This week, more than 400 first-generation college students began classes at USC. This year’s freshman class was the most selective in the University’s history, as more than 54,000 applications were received and roughly 17 percent were accepted. Of those that ended up coming to USC, approximately one fifth is the first in their families to attend college.
USC has attempted to accommodate first-generation students and those from low-income and underprivileged neighborhoods. This year, more than $300 million went to financial aid for undergraduate students. Much of this aid goes to first-generation students, who comprised 14 percent of the student body in 2015.
Connie Machuca is among the 400 first-generation students entering USC this fall. Machuca, a freshman majoring in environmental studies, remembers receiving her acceptance to USC with tears in her eyes, knowing that all her work had paid off. Machuca was born in Chicago to Ecuadorian parents, who encouraged her from a very young age to go to college. Machuca is proud to be a first-generation student, but has faced difficulties adapting to a way of life that her parents had no way to prepare her for.
“The hardest part is being in an unfamiliar place with unfamiliar people,” Machuca said. “Hopefully, I make a lot of friends and adapt to the environment quickly.”
Machuca said that being away from her mother, who she considers her greatest motivator, has been the hardest part of going to college.
“She struggled so much just to get ahead in this country. With an education, I can hopefully show her all her sacrifices were worth it,” Machuca said.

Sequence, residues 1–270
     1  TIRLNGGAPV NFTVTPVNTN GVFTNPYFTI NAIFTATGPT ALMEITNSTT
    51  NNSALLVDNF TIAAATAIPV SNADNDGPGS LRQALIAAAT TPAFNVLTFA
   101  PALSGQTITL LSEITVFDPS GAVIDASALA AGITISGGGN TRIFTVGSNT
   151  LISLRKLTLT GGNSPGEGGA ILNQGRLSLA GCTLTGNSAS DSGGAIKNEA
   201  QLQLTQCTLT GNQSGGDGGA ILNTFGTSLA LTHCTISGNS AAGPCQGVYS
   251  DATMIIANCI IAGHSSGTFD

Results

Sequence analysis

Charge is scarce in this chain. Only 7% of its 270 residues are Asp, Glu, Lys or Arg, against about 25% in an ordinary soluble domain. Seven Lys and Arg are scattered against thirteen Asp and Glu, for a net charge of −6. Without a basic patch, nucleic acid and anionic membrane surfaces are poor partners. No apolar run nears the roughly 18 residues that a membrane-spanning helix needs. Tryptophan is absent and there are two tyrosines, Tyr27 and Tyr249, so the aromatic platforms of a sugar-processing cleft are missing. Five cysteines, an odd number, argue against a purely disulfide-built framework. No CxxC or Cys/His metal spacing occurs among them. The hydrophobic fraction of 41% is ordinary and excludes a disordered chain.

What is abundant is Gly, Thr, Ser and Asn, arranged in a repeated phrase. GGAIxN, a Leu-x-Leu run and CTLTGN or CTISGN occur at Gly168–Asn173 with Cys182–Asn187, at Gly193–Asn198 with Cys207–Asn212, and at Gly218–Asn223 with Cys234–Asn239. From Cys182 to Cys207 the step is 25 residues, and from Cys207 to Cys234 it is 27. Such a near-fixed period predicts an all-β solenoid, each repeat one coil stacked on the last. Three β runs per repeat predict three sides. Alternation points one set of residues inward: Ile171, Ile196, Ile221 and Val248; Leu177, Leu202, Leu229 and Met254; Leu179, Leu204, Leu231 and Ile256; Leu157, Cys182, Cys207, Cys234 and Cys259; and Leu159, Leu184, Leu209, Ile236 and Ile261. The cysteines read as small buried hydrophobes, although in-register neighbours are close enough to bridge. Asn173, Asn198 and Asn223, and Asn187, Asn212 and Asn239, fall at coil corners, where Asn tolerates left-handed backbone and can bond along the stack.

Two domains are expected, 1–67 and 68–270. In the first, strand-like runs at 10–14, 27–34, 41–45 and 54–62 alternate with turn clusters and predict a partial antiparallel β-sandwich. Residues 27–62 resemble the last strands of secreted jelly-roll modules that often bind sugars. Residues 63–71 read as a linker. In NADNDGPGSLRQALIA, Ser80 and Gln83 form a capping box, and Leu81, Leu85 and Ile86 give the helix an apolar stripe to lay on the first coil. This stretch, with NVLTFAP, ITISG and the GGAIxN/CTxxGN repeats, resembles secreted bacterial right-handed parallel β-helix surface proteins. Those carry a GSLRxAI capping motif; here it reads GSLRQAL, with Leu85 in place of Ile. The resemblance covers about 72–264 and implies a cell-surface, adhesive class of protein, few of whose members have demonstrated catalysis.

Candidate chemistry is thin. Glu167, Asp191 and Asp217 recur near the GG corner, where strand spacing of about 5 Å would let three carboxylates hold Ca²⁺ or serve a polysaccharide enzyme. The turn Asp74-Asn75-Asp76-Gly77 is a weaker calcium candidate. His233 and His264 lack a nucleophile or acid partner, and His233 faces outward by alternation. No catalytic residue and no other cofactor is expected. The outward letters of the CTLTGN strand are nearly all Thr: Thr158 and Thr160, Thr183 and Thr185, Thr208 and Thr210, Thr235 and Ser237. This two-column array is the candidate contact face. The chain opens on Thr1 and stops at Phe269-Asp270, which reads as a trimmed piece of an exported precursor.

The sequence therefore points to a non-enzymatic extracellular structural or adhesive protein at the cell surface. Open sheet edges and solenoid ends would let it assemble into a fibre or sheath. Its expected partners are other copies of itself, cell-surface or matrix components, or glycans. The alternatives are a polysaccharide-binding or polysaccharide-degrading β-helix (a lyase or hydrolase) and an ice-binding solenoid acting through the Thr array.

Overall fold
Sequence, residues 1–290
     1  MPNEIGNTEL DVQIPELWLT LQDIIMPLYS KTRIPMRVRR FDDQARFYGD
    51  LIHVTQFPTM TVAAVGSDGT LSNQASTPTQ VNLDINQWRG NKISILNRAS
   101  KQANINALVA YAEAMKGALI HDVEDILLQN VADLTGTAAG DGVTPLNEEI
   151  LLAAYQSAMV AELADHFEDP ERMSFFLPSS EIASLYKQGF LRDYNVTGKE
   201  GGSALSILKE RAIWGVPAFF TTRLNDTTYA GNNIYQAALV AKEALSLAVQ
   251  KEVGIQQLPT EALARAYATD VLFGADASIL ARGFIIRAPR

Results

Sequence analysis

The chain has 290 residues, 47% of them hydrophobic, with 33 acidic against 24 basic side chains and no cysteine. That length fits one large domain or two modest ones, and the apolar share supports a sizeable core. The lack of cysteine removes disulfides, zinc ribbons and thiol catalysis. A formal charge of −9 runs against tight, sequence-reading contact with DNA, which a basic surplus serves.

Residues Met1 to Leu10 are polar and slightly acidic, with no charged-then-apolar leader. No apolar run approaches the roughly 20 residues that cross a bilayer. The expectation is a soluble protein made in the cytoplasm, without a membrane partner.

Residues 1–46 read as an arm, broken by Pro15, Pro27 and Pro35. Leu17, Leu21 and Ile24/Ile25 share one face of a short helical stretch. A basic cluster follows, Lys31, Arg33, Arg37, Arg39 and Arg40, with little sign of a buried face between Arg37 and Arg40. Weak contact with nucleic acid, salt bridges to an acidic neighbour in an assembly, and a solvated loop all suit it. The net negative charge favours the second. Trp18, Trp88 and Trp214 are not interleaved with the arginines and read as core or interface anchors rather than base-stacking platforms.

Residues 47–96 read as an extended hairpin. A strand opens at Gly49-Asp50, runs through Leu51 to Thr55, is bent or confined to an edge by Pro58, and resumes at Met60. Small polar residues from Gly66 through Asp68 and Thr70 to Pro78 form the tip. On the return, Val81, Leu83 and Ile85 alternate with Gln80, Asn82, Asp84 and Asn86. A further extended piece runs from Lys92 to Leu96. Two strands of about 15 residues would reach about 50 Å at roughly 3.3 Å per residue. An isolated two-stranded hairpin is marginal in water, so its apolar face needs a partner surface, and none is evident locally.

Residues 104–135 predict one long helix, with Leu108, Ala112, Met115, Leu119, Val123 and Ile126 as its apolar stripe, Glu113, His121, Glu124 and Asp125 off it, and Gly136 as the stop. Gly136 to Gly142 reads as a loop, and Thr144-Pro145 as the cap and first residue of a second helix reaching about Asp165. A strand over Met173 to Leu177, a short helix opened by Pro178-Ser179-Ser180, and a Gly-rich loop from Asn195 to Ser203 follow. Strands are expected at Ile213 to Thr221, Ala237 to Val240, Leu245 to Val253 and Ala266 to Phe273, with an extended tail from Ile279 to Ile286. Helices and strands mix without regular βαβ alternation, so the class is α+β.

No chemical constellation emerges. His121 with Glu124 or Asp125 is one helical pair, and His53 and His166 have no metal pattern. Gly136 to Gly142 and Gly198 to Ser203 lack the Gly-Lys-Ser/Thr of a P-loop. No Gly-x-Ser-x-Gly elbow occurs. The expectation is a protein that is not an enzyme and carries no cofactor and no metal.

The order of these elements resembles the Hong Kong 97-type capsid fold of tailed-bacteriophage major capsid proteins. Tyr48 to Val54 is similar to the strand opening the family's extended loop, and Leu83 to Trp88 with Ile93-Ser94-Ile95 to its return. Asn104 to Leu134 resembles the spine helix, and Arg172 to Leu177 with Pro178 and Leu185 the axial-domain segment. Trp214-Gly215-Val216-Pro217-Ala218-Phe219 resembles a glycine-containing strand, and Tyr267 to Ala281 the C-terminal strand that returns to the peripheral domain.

Kelly Pascual, a freshman majoring in business administration who grew up in South Los Angeles, saw many of her peers in high school drop out without obtaining their diplomas. For Pascual, being a first-generation college student means setting an example for her community, though she admitted she has had to work harder because of her limited resources.
Kelly was one of 20 graduates from USC’s Neighborhood Initiative, a middle and high school program which allows students from USC’s surrounding neighborhoods to attend the University on a full-tuition scholarship.
Pascual also says her parents inspired her to be the first in her family to pursue a higher education.
“My parents have reminded me to continue to work hard in school and to have an end goal in mind, like getting a good job,” Pascual said.
Valeria Resendiz, a freshman majoring in mechanical engineering, was born in Mexico. Resendiz migrated to the United States when she was 3 and grew up in Oxnard, California. Throughout her adolescent years, the desire to help her family and encourage students from her high school to get a higher education, regardless of the challenges they may face, drove her decision to attend college.
“My parents always advised me to stay on track for school and not lose sight of my goals and to thank God each day for giving me such a grand opportunity,” Resendiz said. “I wanted to make a positive difference for my family and future generations.”
This desire to help others has kept her going despite difficulties adapting to a college environment, such as a lack of support in both academics and extracurriculars, that may come easily to many students whose parents have gone to college.
“The hardest part of college has been finding my way through this environment on my own, but at the same time, it is the most rewarding part,” Resendiz said. “I am paving the way for the success of others from disadvantaged backgrounds like my own.”